“I don’t know what’s better, getting laid or getting paid
I just know when I’m getting one, the other’s getting away”
– West, K. (This Way, 2004):
Australian football faces a Kanye West Paradox.
West once contended that he could have either sexual success with women or financial success – but never both at the same time. While both outcomes were desirable, they were deemed inherently mutually exclusive.
While not (ostensibly) chasing the same goals as West, Australian football faces a similar conundrum: it can’t have a successful domestic league at the same time as a successful Socceroos side.
Sure, it wants both and is trying its hardest, but like Kanye said, “when I’m getting one, the other’s getting away”.
Five years ago, Football Australia was getting some Socceroos. They were ranked 21st in the world and had recently experienced a watershed World Cup in Germany. In contrast, the A League was getting away: the fledgling competition had serious teething problems.
Flash-forward to the current day, and while the A League is going gangbusters, the Socceroos are tanking like the Melbourne Demons.
Just consider what the Socceroos have gone through over the past two years. They have:
- Scratched their way to World Cup qualification with a nervy 1-0 home win over Iraq;
- Got dicked 6-0 by France and Brazil in consecutive friendly matches;
- Sacked coach Holger Osieck;
- In spite of some energetic performances and heroics from Tim Cahill, lost all three games and conceded nine goals at the 2014 World Cup.
- Got bounced 1-0 by Qatar last month.
The Socceroos play Japan next week, and like over-protective parents whose 18-year-old child has just left home for a night out in Kings Cross, I am genuinely worried about their wellbeing.
Things are bad for the Socceroos. They are now ranked 94th in the world, sandwiched in between the recently-failed states of Haiti and Rwanda. But it could get worse.
After the Japan friendly, the next major challenge will be the Asian Cup in January 2015. As the first major football tournament to be held on Australian soil (outside of the Olympics, but that doesn’t count because of those odd rules about players having to be under-23), this is a showcase moment for Australian football.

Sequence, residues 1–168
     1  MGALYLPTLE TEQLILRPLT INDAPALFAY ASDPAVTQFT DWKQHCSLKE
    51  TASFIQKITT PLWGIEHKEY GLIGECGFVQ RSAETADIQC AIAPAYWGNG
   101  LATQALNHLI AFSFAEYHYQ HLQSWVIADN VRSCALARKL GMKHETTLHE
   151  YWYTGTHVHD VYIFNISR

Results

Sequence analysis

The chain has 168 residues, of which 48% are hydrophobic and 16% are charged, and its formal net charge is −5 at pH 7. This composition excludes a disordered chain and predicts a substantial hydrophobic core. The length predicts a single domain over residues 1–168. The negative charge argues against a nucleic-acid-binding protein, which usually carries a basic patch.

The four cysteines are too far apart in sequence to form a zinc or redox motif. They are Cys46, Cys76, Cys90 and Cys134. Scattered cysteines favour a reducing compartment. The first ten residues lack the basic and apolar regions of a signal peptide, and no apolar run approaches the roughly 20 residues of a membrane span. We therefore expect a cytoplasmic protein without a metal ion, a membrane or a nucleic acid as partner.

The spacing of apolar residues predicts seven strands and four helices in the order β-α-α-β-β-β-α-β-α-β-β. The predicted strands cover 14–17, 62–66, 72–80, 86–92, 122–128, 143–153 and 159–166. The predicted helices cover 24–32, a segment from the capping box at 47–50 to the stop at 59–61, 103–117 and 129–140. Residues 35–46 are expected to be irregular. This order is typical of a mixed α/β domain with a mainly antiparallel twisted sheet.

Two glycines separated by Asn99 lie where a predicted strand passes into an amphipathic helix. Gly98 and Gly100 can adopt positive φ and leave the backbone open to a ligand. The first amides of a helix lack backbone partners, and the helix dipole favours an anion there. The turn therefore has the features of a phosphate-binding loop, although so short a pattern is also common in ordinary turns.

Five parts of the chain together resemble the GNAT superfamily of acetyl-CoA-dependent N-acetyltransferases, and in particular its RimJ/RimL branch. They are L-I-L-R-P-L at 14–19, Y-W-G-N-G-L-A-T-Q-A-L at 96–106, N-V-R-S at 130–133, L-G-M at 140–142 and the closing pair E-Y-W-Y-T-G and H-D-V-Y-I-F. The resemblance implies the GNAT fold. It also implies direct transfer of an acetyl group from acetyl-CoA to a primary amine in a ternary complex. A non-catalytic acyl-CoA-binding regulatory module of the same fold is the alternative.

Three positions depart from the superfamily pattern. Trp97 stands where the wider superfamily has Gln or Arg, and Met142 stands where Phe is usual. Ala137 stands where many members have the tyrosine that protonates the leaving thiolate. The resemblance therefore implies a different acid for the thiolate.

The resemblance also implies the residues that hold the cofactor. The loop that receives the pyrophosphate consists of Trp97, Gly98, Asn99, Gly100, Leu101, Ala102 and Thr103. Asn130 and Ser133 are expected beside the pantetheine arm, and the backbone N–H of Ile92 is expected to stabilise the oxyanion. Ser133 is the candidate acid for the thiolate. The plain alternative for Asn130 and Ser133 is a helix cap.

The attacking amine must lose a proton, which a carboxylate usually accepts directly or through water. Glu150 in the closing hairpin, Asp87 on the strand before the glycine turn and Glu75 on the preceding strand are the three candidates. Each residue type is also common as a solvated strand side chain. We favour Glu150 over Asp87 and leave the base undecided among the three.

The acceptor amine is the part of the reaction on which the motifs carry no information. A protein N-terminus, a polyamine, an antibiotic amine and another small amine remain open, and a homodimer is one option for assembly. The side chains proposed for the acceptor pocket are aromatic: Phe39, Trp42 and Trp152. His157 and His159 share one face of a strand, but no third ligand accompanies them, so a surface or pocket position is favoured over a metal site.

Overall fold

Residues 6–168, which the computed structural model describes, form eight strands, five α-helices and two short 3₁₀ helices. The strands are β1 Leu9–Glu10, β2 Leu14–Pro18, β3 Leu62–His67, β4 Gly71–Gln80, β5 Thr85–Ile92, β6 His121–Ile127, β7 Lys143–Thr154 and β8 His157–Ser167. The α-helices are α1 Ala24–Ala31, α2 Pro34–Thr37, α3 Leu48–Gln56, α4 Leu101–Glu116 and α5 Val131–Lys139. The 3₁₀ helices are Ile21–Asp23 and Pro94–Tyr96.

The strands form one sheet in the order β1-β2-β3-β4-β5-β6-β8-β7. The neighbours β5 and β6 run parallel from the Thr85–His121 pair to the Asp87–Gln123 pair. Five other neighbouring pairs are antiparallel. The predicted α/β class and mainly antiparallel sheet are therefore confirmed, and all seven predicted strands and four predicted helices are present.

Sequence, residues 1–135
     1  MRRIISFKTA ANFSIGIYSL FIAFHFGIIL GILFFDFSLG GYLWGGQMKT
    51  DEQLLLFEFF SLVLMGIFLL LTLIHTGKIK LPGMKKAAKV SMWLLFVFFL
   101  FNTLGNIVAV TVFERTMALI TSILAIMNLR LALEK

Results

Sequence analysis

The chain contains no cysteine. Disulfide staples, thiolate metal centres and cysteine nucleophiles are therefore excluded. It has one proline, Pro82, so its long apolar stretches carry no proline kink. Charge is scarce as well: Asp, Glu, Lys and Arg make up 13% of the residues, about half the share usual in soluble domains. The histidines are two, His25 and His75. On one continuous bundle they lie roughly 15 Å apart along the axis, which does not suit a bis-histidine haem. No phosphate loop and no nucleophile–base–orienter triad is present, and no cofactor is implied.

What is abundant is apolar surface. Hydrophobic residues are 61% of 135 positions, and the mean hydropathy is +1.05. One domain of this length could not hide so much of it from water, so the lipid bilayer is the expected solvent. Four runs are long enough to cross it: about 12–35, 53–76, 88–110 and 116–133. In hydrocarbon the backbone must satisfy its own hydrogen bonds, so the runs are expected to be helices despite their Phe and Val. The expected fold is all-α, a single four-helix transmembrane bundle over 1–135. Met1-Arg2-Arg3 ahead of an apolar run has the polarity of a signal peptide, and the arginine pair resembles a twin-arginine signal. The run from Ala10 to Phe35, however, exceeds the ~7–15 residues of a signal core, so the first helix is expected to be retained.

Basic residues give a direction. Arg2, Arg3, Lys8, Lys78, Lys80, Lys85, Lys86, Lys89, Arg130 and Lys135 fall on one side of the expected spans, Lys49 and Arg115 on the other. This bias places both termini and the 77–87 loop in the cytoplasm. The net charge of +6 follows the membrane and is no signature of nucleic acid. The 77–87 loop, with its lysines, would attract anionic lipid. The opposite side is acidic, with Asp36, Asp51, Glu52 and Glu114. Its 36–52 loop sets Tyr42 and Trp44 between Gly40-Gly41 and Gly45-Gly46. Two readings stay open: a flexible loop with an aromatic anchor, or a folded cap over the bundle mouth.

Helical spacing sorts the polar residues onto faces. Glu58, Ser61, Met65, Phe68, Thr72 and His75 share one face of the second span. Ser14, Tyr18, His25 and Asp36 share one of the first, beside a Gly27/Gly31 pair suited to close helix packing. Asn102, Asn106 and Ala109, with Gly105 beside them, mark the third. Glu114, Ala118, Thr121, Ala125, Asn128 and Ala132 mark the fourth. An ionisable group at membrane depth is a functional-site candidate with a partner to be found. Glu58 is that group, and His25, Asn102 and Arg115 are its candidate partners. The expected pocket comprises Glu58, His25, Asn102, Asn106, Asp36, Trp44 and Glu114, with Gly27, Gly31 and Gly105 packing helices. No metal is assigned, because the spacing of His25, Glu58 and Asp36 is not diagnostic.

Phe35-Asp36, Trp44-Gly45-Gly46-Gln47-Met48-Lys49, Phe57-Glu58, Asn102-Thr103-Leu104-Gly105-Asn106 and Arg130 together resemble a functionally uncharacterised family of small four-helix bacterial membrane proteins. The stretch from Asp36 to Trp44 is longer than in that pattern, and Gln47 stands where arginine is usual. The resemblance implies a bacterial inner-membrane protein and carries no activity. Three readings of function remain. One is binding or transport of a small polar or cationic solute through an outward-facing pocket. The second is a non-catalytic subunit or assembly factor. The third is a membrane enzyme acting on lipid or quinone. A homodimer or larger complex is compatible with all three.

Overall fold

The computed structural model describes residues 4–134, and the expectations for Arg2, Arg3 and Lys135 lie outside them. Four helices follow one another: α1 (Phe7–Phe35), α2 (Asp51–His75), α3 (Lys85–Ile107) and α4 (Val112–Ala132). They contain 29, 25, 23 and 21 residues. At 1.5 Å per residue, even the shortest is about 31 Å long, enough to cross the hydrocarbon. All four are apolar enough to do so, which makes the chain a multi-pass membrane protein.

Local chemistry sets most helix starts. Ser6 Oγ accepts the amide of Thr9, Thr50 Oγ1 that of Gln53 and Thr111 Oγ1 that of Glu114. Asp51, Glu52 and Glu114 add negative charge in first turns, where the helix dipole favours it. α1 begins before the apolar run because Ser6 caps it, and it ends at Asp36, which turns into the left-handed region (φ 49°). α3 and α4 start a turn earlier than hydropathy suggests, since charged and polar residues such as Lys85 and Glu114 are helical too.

I am not a fan of judging a code on a single performance (except in the case of rugby union, in which I will continue to declare dead every time the Wallabies lose). Having said that, anything less than a semi-final appearance for the Socceroos, which on current form is unlikely, will be a disaster for the tournament and more generally speaking, the code – A League success, or not.
Nobody outside of Qatar and South Korea wants to see those two face off in the Grand Final of the Asian Cup, but it could happen.
And if the Socceroos get kicked out in the Group Stage, their stocks will sink even lower.
If they sack Ange, who do they turn to next? Another local coach, or try to pick up another Dutch guy? After blooding young local talent, do they turn back to the tried and tested old guard?
Failure at the Asian Cup will bring a lot of hard questions for Football Australia, and I am worried about what the answers may be.
With the A League going from strength to strength, and if Kanye’s prophetic paradox continues to be correct, the Socceroos could be in the wilderness for a while.
By Ben Shine